The first came in the removal of an Obama-era rule that sought to protect streams, lakes, wetlands and other bodies of water from pollution, a move state officials say threatens the Chesapeake Bay.
“(The Trump Administration’s) determination to weaken the Clean Water Act threatens to undo our hard-won progress cleaning up (waterways) in Maryland and across the nation,” Maryland Attorney General Brian Frosh said in a statement. “We plan to vigorously challenge this latest unlawful rollback.”
The 2015 Clean Water Rule expanded the definition of “navigable” bodies of water that fall under federal jurisdiction. It was a decision that Trump EPA Administrator Andrew Wheeler called “an egregious power grab” at a Sept. 12 press conference announcing the repeal.
“When President Trump took office he immediately set into motion a process to remove and replace regulations that were stifling economic development,” he said. “The Obama administration’s 2015 ‘Waters of the U.S.’ definition was at the top of the list.”
A replacement to the rule has not yet been announced.
Under the Clean Water Act, it is illegal to pollute in U.S. bodies of water without a permit. Under the 2015 rule, the Obama administration, working in collaboration with the Army Corps of Engineers, adopted the new rule to clarify which waterways were defined as federal, a change that impacted about 3 percent of the country’s waters.
For farming and ranching advocates, however, the rule was a burdensome overreach that significantly raised the legal risks of pollution. According to the American Farm Bureau, the 2015 definition of “waters of the United States” made it unclear whether extremely minor bodies of water like ditches or streams could be subject to federal enforcement.
“We’re all supportive of water quality,” said Don Parrish, AFB senior director of congressional relations. “But farmers deserve clarity.”
Environmental advocates say the rollback won’t have a major impact within Maryland, as the state has stronger water protections than the federal government to begin with. However, pollution could migrate from states like Delaware and West Virginia that follow federal regulations, according to Maryland Environment Secretary Ben Grumbles.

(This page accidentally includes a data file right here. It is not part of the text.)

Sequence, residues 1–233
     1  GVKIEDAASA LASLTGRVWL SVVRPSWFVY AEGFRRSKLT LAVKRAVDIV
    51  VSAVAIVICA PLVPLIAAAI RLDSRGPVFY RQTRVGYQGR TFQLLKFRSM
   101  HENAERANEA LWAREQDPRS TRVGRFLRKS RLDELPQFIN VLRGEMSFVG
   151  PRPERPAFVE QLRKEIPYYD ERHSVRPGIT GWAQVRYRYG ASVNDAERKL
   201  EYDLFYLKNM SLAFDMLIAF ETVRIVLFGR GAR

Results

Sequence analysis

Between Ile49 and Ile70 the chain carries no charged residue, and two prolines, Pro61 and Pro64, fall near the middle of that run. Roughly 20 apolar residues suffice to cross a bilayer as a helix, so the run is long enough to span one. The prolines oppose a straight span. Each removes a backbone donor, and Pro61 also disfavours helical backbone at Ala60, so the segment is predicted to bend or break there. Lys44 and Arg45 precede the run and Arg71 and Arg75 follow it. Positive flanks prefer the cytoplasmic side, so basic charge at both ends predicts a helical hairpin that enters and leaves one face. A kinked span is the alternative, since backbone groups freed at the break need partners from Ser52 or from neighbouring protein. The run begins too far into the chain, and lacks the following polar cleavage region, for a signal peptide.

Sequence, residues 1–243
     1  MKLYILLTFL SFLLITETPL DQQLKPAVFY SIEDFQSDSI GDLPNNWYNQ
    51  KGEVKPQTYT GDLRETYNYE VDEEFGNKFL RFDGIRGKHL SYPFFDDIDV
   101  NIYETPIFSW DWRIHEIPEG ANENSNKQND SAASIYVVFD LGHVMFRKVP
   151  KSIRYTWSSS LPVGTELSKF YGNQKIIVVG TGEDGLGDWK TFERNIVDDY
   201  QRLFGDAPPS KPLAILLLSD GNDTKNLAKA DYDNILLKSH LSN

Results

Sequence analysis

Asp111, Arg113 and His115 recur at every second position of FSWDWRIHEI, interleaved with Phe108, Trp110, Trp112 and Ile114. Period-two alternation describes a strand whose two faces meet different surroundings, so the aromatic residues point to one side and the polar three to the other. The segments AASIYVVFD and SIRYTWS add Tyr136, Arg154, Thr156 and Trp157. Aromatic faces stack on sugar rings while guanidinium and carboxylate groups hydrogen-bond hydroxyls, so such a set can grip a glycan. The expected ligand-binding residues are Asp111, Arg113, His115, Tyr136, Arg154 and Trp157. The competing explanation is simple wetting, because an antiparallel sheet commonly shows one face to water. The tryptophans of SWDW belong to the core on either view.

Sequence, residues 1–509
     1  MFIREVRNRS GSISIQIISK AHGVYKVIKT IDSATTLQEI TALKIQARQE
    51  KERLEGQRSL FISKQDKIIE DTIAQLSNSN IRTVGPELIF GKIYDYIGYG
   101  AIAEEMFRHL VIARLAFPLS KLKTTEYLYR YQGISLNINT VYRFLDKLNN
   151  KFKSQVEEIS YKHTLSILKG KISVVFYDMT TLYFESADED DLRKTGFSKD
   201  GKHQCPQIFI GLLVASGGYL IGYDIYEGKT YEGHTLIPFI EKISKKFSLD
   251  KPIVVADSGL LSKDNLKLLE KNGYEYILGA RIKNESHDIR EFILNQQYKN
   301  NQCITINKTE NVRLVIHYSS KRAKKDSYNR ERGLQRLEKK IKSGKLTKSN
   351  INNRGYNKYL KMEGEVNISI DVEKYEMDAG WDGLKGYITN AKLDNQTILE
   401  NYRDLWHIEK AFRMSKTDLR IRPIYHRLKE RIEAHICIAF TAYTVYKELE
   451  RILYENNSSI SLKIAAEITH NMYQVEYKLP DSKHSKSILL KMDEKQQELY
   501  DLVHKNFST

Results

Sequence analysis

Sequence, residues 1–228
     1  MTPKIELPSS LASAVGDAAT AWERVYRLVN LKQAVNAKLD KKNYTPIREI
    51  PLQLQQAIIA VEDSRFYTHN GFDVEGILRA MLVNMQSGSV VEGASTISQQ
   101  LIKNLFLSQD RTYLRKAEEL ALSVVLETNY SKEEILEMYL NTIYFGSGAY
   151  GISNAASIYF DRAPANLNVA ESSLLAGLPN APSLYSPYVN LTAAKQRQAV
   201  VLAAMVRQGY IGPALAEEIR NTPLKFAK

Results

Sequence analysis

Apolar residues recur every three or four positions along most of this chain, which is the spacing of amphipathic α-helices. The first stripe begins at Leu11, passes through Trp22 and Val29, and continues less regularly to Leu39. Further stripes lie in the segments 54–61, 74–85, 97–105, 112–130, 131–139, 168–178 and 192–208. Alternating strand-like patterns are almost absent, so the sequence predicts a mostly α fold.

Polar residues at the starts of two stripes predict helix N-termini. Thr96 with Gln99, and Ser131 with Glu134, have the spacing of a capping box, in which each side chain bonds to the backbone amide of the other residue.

“The loss of a federal safety net for wetlands and waters upstream of us will threaten our Chesapeake Bay progress,” Grumbles said in a statement.
A preliminary analysis of the impacts of revoking the Obama rule completed by the Maryland Department of the Environment showed that up to 2.3 million pounds of nitrogen and 57,000 pounds of phosphorous could enter the Chesapeake Bay.
According to Jon Mueller, the vice president for litigation at the Chesapeake Bay Foundation, cooperative state efforts like preventing pollution in the Bay necessitate strong federal protections in states with less stringent water quality rules.
“Even if you have strong state laws, you can only protect things within your state for the most part,” Mueller said.
Mueller added that EPA regulations create a baseline floor for protection in most states, and “when that floor moves lower, the protections in those states that follow federal law are removed.”
Both the Delaware Department of Natural Resources and Environmental Control and the Pennsylvania Department of Environmental Protection denounced the rollback, citing water quality concerns.
The EPA noted that expanding federal jurisdiction over clean water “failed to adequately recognize, preserve, and protect the primary responsibilities and rights of states to manage their own land and water resources.”
But the following week, the EPA revoked a rule that seemingly contradicts this stance. On Sept. 17, the EPA moved to take away California’s authority to set its own emission standards, which 13 other states, including Maryland, follow.
Frosh subsequently joined 25 other attorneys general in a lawsuit challenging the administration, arguing that the new regulation “fails to respect states’ authority to protect public health and welfare.”
Wheeler said at a press conference that the administration would be moving forward with a new national fuel economy and greenhouse emission standard for cars.
“We embrace federalism and the role of the states, but federalism does not mean that one state can dictate standards for the nation,” he said.
The Trump Administration has scaled back more than 50 environmental regulations since the president took office, according to The New York Times. Dozens more rollbacks are in the works.
The EPA is considering a change to Section 401 of the Clean Water Act, a provision that allows individual states to block construction of interstate projects like pipelines or dams that damage water quality. Maryland has opposed construction of the Potomac Pipeline, which would bring natural gas to West Virginia from Pennsylvania and cross through Maryland public land.
Environmentalists say the proposed adjustment, which is under a public comment period, limits the time states have to assess projects for potential impacts.
“It’s not being done with the public’s interest in mind, it’s not being done with the states’ interest in mind,” said Anne Havemann, general counsel for the Chesapeake Climate Action Network. “It’s directly rolling back what the states want to do and are trying to do.”